Complementary to Audit, IMI’s Snapshot Fleet Tire Survey System, mostly used by commercial tire dealers, combines the previously mentioned electronic tire inspection tools with the software to speed the tire inspection process. Snapshot also creates reports, graphs, inspection summaries and performance data detailing vehicles and tires inspected, tire position, tread depth, air pressure, matching, inspection status and potential dollar losses. “These reports are derived from information that fleets and commercial tire dealers already are collecting and, often, storing in a file drawer instead of recording as usable data,” says IMI President Bob Fogal Jr.

Snapshot lets dealers cut their inspection time and labor in half, IMI says. Dean Parker, technical service representative for McGriff Tire Industry, Memphis, Tenn., finds that Snapshot makes it easier to communicate with customers. “We generate reports ourselves to go over with the customer,” Parker says. “They show where the problems are and let us offer a solution.”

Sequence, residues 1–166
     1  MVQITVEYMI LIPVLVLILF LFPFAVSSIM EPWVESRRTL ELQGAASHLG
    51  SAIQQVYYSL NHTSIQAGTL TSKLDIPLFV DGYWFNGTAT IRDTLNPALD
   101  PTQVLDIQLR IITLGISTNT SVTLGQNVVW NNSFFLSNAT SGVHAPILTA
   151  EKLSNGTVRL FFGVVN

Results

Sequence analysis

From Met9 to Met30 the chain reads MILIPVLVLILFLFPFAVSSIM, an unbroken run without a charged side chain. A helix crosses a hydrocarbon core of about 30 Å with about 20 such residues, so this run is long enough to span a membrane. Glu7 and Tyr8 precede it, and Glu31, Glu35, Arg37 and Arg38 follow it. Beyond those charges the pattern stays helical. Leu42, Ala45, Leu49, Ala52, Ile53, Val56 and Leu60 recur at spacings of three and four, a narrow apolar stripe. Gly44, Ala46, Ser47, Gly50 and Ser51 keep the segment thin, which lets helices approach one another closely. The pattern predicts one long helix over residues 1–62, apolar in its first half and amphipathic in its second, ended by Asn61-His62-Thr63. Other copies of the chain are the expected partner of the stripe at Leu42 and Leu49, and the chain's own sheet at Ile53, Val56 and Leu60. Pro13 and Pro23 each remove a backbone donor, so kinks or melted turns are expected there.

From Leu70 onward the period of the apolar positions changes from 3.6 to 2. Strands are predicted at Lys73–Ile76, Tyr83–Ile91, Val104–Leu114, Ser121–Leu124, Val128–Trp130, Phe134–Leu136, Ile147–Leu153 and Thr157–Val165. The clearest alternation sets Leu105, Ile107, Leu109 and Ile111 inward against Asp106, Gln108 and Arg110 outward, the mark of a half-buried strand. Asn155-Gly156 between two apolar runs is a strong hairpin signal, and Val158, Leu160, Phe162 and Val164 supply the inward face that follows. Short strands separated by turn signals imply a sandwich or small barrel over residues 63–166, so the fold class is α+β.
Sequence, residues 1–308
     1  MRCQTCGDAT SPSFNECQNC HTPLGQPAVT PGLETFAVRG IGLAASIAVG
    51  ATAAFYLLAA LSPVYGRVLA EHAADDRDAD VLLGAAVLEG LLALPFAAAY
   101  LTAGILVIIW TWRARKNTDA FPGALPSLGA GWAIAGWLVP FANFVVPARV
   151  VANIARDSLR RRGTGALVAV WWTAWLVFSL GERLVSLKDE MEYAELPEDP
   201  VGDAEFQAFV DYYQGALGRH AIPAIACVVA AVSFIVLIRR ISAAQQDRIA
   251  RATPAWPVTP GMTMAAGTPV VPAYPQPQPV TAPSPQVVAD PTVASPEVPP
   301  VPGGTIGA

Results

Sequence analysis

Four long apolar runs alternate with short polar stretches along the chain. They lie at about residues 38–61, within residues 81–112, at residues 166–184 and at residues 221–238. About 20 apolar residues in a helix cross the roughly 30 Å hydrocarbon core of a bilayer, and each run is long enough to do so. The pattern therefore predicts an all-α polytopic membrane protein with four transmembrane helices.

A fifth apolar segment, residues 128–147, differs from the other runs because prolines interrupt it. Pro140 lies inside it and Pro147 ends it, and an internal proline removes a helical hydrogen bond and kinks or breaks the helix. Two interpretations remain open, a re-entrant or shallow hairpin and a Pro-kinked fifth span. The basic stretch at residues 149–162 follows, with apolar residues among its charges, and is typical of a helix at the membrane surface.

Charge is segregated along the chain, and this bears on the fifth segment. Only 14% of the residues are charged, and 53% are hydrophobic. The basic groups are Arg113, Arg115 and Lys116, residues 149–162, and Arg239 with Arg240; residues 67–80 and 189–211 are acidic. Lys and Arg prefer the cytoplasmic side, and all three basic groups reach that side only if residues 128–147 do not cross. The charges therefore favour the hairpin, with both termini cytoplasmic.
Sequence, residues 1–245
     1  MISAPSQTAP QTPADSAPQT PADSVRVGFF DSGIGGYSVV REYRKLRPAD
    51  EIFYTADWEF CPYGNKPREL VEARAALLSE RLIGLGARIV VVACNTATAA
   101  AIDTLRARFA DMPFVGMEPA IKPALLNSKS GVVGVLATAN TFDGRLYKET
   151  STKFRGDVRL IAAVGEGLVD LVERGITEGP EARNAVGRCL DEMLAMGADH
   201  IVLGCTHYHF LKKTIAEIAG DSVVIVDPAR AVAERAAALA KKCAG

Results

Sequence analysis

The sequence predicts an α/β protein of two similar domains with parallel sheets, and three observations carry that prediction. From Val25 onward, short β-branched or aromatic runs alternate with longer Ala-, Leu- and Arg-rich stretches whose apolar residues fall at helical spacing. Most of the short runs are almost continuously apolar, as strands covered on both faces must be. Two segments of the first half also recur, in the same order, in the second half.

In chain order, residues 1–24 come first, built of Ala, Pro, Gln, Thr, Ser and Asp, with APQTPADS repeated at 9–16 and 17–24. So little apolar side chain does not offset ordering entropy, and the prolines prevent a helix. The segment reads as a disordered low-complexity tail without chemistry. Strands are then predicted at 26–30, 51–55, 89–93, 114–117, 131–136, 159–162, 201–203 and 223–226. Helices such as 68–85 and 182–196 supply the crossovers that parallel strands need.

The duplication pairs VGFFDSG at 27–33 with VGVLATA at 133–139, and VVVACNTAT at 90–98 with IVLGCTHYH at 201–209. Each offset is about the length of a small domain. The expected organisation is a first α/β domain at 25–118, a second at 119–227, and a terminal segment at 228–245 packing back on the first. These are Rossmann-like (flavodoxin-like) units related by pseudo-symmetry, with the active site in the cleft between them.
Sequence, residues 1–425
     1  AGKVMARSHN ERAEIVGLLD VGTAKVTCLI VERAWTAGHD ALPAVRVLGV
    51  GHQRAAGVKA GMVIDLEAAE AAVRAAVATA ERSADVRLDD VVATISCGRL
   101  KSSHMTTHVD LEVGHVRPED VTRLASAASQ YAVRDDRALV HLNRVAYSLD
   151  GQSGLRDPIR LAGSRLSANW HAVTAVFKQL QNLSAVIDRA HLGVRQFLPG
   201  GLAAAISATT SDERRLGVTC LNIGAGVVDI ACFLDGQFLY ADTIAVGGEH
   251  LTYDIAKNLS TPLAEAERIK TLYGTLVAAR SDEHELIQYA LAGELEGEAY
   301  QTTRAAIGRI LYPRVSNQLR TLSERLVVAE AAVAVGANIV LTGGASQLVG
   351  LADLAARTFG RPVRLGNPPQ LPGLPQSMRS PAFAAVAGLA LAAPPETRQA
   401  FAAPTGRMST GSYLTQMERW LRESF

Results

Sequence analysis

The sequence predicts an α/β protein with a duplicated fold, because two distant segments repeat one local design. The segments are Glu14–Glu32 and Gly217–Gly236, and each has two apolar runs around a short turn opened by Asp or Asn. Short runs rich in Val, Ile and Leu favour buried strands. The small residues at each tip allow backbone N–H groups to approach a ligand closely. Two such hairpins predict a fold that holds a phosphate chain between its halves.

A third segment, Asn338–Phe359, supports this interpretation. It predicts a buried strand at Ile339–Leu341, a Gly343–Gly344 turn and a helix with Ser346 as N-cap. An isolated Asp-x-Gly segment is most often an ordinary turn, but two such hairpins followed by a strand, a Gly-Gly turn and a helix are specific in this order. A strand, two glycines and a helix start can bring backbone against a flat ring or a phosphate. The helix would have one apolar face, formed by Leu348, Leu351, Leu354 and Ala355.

Michelin
Despite the wonders of the digital age, Michelin Tire Corp. realized recently that its field representatives were capturing data on fleets’ trucks using paper forms. For Michelin, that meant not only wasted time in re-entering data and keeping track of paperwork but also a greater possibility for errors.

“There was a disconnect between our data collection system in the field and our data consolidation, analysis and reporting tools, says John Warren, business process development manager at Michelin. “We knew we were losing critical data.”

To correct this flaw in its data collection, Michelin worked with handheld computer and software developer Palm Inc., to create Tire Trax, which runs on the Palm OS-based WorkPad. The software features specialized onscreen menus, including graphics of trucks and tires, to collect data for updating fleet tire maintenance records.